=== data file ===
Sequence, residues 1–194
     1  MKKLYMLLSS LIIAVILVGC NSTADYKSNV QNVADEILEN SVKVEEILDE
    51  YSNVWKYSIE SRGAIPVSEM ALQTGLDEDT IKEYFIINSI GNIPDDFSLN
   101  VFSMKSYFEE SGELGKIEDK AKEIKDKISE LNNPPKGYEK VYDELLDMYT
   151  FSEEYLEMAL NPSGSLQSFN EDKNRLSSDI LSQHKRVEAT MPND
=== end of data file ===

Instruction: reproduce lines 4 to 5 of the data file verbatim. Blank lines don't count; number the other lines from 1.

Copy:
   101  VFSMKSYFEE SGELGKIEDK AKEIKDKISE LNNPPKGYEK VYDELLDMYT
   151  FSEEYLEMAL NPSGSLQSFN EDKNRLSSDI LSQHKRVEAT MPND